This past Independence Day brought me back to memories of a simpler time. Once, while still in high school, some friends and I went on a hike through the Blue Ridge Mountains.
On this particular day, on this particular hike, we came upon an old dilapidated deer tree stand. So, of course, we decided it would be a dandy fine idea to climb it. Because when you’re a teenager you’re not really living unless you’re playing Russian roulette with your life. I don’t quite remember, but I’m pretty sure I was one of the first ones to go up because I was often volunteered to test the structural integrity of such things.
The poor excuse for a “ladder” was really just some old planks of wood ambiguously nailed into a tree trunk. As I started to climb up the split and partly rotted toothpick steps, I thought, “why, oh why?” As I got higher, the wind blew—just to say hello.
When I got to the top, those down below asked, “How’s it look up there?” I thought, “Oh yes, just terrific! Lovely view. I’m so glad I climbed all the way up here just so that I could see the same trees that I could already see on the ground, but now, I clearly appreciate those trees more because I’m about to die.”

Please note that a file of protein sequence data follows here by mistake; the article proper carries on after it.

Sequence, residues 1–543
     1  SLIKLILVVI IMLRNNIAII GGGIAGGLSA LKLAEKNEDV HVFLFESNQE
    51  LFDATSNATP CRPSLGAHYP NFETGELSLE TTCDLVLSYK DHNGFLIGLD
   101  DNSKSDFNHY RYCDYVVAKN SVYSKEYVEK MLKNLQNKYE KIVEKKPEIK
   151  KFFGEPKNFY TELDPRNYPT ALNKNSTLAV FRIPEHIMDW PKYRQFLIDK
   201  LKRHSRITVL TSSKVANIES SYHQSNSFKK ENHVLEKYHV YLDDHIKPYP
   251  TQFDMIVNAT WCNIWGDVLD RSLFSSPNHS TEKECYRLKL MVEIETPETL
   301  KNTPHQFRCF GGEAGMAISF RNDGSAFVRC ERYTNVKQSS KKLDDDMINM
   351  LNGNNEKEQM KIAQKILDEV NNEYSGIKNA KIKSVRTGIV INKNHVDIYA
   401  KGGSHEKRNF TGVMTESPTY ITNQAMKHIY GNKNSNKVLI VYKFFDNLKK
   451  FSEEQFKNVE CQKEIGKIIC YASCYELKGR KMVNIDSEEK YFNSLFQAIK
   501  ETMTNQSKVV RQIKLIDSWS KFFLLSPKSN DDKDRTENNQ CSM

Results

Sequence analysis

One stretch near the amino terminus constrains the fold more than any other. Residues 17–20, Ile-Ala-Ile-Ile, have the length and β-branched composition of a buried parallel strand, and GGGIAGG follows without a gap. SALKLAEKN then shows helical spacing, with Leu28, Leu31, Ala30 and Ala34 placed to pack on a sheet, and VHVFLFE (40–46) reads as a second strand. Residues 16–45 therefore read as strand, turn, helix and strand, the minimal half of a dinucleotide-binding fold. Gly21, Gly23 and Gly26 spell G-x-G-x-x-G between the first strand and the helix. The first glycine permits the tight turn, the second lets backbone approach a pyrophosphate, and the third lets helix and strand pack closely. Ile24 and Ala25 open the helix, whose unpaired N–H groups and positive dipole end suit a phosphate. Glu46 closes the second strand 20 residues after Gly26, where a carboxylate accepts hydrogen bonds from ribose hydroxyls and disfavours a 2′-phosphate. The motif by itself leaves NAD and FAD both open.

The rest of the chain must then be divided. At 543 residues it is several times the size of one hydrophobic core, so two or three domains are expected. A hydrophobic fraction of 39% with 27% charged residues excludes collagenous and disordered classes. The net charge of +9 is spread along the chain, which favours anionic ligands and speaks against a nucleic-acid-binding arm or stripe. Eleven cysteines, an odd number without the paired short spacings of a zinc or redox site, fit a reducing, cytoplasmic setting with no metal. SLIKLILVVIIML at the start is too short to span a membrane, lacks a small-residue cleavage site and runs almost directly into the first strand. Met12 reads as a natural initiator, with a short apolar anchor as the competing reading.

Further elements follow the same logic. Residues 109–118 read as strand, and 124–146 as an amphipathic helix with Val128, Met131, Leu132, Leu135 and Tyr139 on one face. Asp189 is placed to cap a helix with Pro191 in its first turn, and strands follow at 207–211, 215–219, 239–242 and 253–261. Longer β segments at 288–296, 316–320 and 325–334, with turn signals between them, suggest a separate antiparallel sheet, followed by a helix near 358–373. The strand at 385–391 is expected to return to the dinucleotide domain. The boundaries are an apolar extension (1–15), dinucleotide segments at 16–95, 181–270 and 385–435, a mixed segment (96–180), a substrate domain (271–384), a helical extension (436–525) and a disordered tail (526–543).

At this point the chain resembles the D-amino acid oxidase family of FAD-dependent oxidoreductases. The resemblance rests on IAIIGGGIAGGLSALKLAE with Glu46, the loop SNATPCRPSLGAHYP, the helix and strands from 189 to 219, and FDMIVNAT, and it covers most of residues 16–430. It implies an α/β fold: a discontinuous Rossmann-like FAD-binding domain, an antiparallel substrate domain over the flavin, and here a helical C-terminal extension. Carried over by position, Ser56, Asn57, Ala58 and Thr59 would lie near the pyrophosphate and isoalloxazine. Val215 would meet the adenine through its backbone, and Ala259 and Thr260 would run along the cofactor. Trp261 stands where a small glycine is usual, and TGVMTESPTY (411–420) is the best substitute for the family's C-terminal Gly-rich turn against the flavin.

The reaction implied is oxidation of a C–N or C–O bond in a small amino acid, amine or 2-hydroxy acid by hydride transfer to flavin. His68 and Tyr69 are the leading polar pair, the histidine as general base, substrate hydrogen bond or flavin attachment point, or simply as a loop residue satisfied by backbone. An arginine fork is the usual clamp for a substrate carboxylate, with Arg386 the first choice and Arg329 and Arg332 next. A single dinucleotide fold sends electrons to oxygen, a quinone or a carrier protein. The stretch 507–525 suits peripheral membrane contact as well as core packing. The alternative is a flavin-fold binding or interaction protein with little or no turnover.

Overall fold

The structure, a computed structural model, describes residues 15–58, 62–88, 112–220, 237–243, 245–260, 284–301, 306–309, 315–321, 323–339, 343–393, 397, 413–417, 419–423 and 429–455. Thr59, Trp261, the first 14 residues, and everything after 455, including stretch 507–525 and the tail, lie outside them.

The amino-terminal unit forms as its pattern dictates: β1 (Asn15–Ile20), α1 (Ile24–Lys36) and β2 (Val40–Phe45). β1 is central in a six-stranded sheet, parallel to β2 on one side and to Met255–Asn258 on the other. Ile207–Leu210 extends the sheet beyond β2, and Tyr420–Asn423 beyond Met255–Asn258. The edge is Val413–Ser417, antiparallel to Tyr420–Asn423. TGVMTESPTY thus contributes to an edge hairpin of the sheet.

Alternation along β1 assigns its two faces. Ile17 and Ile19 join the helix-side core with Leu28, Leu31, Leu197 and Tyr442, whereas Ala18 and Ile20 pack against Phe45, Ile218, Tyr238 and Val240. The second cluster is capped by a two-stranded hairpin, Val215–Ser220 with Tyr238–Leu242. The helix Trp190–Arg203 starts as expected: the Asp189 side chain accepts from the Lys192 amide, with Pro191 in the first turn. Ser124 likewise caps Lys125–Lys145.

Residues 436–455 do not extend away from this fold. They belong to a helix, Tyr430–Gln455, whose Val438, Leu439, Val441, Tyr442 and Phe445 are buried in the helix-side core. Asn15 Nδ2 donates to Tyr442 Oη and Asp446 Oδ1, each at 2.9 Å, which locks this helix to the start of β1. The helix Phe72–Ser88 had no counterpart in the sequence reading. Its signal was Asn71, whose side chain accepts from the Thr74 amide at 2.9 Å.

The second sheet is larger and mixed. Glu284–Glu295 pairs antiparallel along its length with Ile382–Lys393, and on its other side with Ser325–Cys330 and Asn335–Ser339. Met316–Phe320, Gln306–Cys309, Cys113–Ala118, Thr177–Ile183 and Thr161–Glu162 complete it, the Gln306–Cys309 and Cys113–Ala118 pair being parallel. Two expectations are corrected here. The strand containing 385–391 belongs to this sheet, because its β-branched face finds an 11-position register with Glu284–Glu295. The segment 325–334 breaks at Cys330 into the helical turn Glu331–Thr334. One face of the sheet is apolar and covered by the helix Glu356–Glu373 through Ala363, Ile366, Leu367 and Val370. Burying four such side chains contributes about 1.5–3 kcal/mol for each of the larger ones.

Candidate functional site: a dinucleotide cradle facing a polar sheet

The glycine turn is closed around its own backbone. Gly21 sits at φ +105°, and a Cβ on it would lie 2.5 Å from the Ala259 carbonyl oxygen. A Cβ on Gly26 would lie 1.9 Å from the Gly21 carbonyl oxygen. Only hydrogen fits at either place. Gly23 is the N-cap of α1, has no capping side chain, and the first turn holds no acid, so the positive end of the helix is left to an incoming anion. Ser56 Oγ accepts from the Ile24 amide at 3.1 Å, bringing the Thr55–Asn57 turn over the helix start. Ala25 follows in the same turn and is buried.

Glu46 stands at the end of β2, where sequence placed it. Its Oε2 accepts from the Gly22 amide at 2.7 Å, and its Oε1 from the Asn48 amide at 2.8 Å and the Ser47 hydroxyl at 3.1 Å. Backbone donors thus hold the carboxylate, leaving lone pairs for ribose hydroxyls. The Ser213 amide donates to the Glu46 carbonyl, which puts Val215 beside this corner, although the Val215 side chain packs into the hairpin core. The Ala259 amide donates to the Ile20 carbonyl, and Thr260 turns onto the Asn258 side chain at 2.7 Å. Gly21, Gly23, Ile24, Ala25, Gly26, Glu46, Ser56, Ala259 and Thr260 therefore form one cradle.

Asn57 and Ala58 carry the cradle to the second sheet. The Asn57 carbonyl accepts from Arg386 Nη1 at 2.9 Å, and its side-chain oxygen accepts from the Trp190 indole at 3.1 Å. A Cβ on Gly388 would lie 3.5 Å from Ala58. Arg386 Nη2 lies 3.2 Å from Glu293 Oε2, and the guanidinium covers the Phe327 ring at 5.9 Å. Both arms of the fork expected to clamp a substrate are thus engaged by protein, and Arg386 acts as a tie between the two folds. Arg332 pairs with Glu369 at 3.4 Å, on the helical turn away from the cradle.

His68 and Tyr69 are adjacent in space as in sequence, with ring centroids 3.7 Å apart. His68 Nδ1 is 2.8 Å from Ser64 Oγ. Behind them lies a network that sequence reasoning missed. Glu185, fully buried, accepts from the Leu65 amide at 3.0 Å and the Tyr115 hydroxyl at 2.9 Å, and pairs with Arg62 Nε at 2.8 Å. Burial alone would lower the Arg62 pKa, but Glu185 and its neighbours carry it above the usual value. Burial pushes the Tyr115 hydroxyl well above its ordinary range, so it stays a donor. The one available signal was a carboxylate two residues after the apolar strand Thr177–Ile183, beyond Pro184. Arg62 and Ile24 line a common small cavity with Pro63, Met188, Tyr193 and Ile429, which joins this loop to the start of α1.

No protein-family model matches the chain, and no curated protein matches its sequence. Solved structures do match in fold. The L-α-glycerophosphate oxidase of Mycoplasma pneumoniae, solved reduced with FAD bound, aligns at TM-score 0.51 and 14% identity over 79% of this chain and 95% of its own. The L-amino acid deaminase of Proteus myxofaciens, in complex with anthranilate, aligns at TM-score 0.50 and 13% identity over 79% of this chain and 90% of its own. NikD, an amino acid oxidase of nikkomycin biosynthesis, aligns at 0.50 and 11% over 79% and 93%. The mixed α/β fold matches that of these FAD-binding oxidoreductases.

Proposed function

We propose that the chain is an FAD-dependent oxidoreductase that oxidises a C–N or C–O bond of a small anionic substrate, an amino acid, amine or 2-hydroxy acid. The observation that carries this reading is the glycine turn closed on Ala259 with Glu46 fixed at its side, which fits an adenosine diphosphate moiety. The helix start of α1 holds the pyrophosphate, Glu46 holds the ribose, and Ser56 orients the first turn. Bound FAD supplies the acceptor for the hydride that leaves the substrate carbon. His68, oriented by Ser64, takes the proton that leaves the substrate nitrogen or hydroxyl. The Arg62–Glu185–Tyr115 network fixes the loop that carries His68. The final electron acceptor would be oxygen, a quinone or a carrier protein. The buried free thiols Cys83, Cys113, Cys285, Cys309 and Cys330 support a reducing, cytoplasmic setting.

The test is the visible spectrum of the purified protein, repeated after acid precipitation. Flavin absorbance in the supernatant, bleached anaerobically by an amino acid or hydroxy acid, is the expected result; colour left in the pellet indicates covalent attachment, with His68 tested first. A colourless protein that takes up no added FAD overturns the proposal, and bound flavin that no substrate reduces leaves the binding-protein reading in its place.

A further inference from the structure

I then carefully, gingerly began my descent. But as I climbed down, one of my friends started to climb up. Naturally, he had determined that this was the perfect time and place to pants me.
I shouted, “Hey, what are you doing‽ Cut that out! Get outta here!” But my pleas for mercy went unacknowledged. Soon I was hanging up there in that tree, twenty feet off the ground with my derrière exposed to the elements.
At the time, I was a wee bit embarrassed. But now, looking back, I take it all as a reminder to be proud of your heritage and what your momma gave you. You are a truly beautiful individual, fearfully and wonderfully made.
I like to think I did Harland Williams (RocketMan, 1997) proud. Hugging the top of that tree with my posterior flapping in the wind like a flag. I was a proud flag; a regal, high-flying flag suitable for fireworks and hot dogs—a display of what it truly means to celebrate independence.
I guess what I’m trying to say is: however you choose to celebrate the Fourth of July, don’t do it with aerial rockets at 1:30 A.M. IN THE MORNING (redundancy for literary affect)! Because I now have the city police non-emergency number on speed dial.
“Every individual has a place to fill in the world and [he/she] is important in some respect, whether he/she chooses to be so or not.” – Nathaniel Hawthorne